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Journal of Animal Science Abstract - Animal Products

The heritabilities, phenotypic correlations, and genetic correlations of lean color and palatability measures from longissimus muscle in beef cattle

 

This article in JAS

  1. Vol. 91 No. 6, p. 2931-2937
     
    Received: July 19, 2012
    Accepted: Mar 2, 2013
    Published: November 25, 2014


    2 Corresponding author(s): mfmrraider@aol.com
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doi:10.2527/jas.2012-5662
  1. P. J. Pratt*11,
  2. D. W. Moser,
  3. L. D. Thompson*,
  4. S. P. Jackson*,
  5. B. J. Johnson*,
  6. A. J. Garmyn* and
  7. M. F. Miller 2
  1. Department of Animal and Food Sciences, Texas Tech University, Lubbock 79409
    Department of Animal Science, Kansas State University, Manhattan 66502

Abstract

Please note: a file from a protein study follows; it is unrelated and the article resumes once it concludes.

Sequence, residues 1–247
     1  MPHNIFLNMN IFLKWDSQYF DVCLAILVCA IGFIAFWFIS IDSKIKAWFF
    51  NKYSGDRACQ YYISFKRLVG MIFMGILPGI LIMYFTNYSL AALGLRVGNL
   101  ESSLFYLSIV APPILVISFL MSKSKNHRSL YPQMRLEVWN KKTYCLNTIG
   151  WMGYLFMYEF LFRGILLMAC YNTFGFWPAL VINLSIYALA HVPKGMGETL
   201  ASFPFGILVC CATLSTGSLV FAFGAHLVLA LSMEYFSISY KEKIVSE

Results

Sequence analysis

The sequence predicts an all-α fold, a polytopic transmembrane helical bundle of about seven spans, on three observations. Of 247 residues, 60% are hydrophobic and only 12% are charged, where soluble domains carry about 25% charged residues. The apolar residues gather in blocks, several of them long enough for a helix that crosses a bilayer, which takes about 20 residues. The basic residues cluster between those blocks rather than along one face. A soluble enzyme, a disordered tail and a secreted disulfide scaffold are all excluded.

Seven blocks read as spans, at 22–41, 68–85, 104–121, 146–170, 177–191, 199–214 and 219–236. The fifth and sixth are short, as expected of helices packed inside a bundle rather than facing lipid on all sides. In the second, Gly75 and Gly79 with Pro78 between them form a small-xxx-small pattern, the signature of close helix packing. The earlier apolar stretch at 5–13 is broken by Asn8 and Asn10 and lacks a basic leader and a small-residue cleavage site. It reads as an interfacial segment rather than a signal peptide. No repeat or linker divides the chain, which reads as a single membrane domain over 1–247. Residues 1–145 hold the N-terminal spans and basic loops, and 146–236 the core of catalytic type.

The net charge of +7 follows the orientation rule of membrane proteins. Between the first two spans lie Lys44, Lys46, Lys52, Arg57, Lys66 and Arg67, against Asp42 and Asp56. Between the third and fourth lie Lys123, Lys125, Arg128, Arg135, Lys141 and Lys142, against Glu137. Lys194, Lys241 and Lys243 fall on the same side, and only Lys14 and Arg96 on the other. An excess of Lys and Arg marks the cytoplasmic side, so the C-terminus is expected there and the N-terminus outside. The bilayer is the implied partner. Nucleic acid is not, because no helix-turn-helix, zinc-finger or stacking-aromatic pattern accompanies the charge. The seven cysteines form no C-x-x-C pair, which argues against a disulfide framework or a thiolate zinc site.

Data from a study conducted over 5 yr were analyzed to determine heritability estimates of LM lean color, as measured by subjective scoring and Hunter Colorimeter readings, and palatability, as measured by trained sensory panelists and Warner-Bratzler shear force (WBSF). Phenotypic and genetic correlations were determined between each of the measures of palatability and color. There were 1,066 cattle representing 12 different breeds in the study. Subjective lean color and a* (redness) and b* (yellowness) values were moderately heritable, 0.34 ± 0.122, 0.29 ± 0.115 and 0.28 ± 0.120, respectively, whereas the L* (lightness) was lowly heritable, 0.09 ± 0.087. The heritability of WBSF was moderately heritable ranging from 0.23 ± 0.114 (3 d) to 0.42 ± 0.148 (21 d). Sustained tenderness, as measured by sensory panelists, was found to be moderately heritable ranging from 0.16 ± 0.108 (21 d) to 0.33 ± 0.135 (14 d). Sustained juiciness and beef flavor, as measured by sensory panelists, were found to be lowly to moderately heritable ranging from 0.00 ± 0.089 (21 d) to 0.18 ± 0.105 (14 d) and 0.00 ± 0.080 (7 d) to 0.18 ± 0.110 (21 d), respectively. The significant phenotypic correlations were those between WBSF and subjective lean color, L* value, and a* value; both initial and sustained tenderness as well as beef flavor were correlated with subjective lean color and L* value. Flavor intensity and overall mouthfeel were associated with subjective lean color, L* value, a* value, and b* value. Both a* and b* values were highly correlated genetically with WBSF, –0.71 and –0.72, respectively, and subjective lean color was moderately correlated with WBSF, –0.46. The genetic correlation between subjective lean color and initial tenderness was also high, 0.56, whereas that between a* value and initial tenderness was 0.43, which was similar to that found between b* value and initial tenderness, 0.44. The genetic correlations between subjective lean color, a* value, and b* value with sustained tenderness were all high at 0.58, 0.70, and 0.58, respectively. The genetic correlations between a* value and b* value with beef flavor were low to moderate at 0.12 and 0.19, respectively, whereas that between subjective lean color and beef flavor was high, 0.64. The genetic correlations between a* value, b* value, and lean color with sustained juiciness were all moderate correlations at –0.35, –0.23, and –0.45, respectively. The genetic correlations between a* value and b* value with overall mouthfeel were high at 0.80 and 0.79, respectively, whereas that between subjective lean color and overall mouthfeel was moderate, 0.46. In conclusion, regardless of measurement technique of lean color, it was not only heritable but was also moderately to highly correlated with measurements of palatability in beef from LM.

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